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Burn-pit claimants will appeal judge’s dismissal

Posted June 6, 2013 By Ms Sparky

Patricia Kime – (Air Force Times) – June 4, 2013 – Attorneys representing former troops and family members who say they were sickened by exposure to open-air burn pits in Iraq and Afghanistan are appealing a judge’s dismissal of their cases.

Alexandria, Va., lawyer Susan Burke and attorneys from the South Carolina firm Motley & Rice filed an appeal Wednesday arguing that Maryland U.S. District Court Judge Roger Titus’s decision in February to toss out 57 consolidated lawsuits filed against KBR, Inc., was “non-justifiable.”

Titus ruled Feb. 28 that as a government contractor working in a war zone, KBR was entitled to the same legal protection and immunity as U.S. armed forces operating in combat. He also argued that the court did not have jurisdiction to rule on decisions made by another branch of government.

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DoJ warns of fallout in Army-KBR contract dispute

Posted June 6, 2013 By Ms Sparky

Jim McElhatton – (Federal Times) – June 4, 2013 – The outcome of a court battle between the Army and KBR over the final stages of LOGCAP III, the largest government services contract in U.S. history, could affect tens of thousands of federal contracts while creating “enormous uncertainty” for vendors and the government alike, according to the Justice Department.

The warning, delivered in the footnote of a recent U.S. Court of Federal Claims pleading, marks the latest development in a dispute to decide how to close out the 12-year-old, $38 billion military logistics contract supporting military operations in Iraq.

While the Army has pushed to change the LOGCAP III pricing structure to a firm, fixed-price basis, KBR has sued to keep the closeout work under the existing cost-reimbursable arrangement. Read the remainder of this entry »

(Global Times) – June 2, 2013 – Two soldiers and a civilian contractor of the NATO-led coalition forces were killed Saturday in two separate incidents in eastern Afghanistan.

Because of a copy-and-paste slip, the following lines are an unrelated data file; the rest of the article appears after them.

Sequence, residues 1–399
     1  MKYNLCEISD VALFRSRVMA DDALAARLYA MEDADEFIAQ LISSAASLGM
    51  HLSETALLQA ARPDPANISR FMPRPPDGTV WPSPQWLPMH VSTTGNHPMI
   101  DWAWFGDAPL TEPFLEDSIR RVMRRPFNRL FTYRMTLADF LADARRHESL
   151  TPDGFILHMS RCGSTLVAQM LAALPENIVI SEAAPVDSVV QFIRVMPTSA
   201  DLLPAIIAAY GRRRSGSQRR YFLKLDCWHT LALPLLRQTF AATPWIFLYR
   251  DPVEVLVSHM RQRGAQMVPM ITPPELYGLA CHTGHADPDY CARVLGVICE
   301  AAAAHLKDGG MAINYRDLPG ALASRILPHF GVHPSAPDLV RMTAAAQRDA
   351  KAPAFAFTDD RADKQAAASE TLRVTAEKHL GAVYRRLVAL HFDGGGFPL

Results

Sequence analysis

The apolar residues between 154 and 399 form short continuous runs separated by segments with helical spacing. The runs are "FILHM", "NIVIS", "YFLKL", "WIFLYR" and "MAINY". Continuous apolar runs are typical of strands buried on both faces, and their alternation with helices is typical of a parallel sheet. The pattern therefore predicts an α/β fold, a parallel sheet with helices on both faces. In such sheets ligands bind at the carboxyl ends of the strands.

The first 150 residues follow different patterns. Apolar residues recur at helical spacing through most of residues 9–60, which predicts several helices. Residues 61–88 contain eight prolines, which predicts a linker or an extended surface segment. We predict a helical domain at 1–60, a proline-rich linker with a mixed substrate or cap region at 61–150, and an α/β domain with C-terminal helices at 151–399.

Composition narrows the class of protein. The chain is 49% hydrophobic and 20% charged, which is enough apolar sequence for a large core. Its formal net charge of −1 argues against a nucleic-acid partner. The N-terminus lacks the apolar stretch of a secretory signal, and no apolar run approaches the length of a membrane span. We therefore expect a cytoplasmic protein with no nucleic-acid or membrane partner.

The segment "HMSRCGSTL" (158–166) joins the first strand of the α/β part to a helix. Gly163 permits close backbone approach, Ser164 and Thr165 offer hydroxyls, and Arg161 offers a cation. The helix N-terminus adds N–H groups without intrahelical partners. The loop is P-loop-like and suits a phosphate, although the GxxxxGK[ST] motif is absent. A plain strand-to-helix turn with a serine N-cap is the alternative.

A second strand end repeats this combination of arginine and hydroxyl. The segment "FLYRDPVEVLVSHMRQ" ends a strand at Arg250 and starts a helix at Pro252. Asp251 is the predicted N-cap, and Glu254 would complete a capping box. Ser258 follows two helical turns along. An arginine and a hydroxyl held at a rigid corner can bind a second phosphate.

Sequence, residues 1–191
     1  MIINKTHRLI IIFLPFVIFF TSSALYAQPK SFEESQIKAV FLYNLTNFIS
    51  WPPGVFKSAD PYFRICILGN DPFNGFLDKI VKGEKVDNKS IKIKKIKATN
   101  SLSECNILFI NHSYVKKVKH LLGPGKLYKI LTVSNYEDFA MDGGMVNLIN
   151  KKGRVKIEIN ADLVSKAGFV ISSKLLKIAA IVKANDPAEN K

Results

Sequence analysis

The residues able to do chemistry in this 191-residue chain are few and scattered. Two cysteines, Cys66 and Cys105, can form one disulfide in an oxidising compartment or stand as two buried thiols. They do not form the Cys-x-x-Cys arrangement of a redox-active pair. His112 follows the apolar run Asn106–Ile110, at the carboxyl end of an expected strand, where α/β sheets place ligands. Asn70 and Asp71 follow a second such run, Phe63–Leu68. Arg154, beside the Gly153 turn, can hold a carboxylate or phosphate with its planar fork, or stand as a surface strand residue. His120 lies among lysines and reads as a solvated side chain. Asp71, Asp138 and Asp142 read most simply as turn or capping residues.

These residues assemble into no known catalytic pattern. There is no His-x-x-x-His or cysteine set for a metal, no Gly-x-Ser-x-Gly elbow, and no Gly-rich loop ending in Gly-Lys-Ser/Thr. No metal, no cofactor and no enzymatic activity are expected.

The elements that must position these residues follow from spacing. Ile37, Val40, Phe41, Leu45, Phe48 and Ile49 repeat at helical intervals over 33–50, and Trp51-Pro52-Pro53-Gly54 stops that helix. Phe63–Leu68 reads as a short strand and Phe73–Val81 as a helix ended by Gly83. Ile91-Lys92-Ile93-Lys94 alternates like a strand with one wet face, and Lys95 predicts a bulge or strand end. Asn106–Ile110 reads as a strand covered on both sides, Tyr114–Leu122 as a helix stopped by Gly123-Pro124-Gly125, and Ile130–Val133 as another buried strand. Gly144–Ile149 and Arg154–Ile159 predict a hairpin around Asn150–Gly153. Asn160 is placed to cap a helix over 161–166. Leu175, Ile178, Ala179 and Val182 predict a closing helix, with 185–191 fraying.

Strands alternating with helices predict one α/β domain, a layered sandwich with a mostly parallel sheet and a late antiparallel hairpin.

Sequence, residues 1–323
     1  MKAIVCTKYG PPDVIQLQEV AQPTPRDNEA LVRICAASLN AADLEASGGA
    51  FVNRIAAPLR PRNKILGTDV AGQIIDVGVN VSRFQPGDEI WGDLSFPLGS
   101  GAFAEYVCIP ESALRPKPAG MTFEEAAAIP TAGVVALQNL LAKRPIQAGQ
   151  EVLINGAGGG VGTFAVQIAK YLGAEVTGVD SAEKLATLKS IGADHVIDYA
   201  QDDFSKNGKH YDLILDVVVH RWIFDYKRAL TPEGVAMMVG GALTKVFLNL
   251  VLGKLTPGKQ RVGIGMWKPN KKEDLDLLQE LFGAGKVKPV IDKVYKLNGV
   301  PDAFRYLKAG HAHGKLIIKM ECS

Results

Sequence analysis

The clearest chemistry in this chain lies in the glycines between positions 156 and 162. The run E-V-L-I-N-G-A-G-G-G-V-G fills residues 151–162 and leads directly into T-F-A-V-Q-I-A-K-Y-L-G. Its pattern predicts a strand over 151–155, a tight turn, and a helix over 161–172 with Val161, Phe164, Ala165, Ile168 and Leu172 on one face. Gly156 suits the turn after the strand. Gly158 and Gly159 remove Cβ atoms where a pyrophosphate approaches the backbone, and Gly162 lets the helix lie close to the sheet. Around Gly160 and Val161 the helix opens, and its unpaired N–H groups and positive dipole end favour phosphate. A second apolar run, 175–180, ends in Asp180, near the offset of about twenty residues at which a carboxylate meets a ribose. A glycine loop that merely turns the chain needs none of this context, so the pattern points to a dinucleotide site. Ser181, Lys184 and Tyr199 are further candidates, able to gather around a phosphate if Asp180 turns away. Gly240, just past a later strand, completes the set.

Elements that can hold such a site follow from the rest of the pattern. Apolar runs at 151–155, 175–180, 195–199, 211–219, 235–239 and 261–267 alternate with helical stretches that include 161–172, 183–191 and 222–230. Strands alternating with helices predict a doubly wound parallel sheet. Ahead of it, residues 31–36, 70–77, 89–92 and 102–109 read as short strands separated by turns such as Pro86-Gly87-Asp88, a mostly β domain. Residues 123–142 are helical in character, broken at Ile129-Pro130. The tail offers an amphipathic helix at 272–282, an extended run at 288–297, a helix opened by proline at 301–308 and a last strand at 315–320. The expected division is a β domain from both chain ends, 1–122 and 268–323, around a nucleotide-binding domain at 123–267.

“One International Security Assistance Force (ISAF) service member and one ISAF Civilian was killed during a direct fire attack in eastern Afghanistan today,” said the NATO-led ISAF in a press statement.

Another coalition service member was killed in an Improvised Explosive Device (IED) attack.

However, it did not reveal the nationalities of the victims under the ISAF policy.

The Taliban insurgent group, which has been waging an insurgency of more than one decade, launched in late April an annual rebel offensive against Afghan and about 100,000 NATO-led forces stationed in the country.

The latest casualties bring the number of foreign soldiers killed in Afghanistan to 70 this year. (Click HERE for original article)

Former Navy Engineer Pleads Guilty to Organizing and Managing Multi-Million Dollar Fraud Scheme; Associate Admits to Stealing Government Funds

Ralph  Mariano admits to defrauding U.S. Government of between $7 and $20 million  dollars; R.I.  Attorney Mary O’Rourke admits theft of over $200,000 of government funds

(DoJ) – PROVIDENCE,  R.I. – May 30, 2013 – Ralph M. Mariano, of Warwick, R.I., a former senior systems engineer  with the United States Navy’s Naval Sea Systems Command (NAVSEA) in Newport,  R.I., and Washington, D.C., pleaded guilty in U.S. District Court in Providence,  R.I., today to conspiracy and to defrauding the U.S. Government of between $7  million and $20 million by directing co-conspirators to bill the Navy for work  that was never performed, announced Peter F. Neronha, United States Attorney  for the District of Rhode Island.

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And What Happens To Them After That?

Posted May 31, 2013 By Ms Sparky

Sudhama Ranganathan – (Indy Bay Media) – May 29, 2013 – Rape is the last thing we want to think about when we consider our military service members.  It just seems like the antitheses of everything they are supposed to stand for, we as a nation are supposed to stand for and what we want others to see when they encounter our military.  We want to project strength, but also the best possible representation of the nation that is known for protecting and helping to promote freedoms, liberties and rights worldwide.  We want people to think of us in the best possible light and as a people that respect others, both for what we have in common and our differences.

Unfortunately, over the past twelve or thirteen years our military, plus our intelligence services and associated publicly contracted private security and private intelligence contractors, have built a reputation for all manner of sex related hijinks and troubles.  They have been known to trade in flesh, as well as to be involved in rape, pedophilia and pederasty.

Contractors, trained during their own US military tenure, have had all manner of problems regarding these things.  One company in particular, DynCorp has in fact proven, through a repeated and consistent pattern of such instances, to have a culture within their organization that tolerates such behavior.

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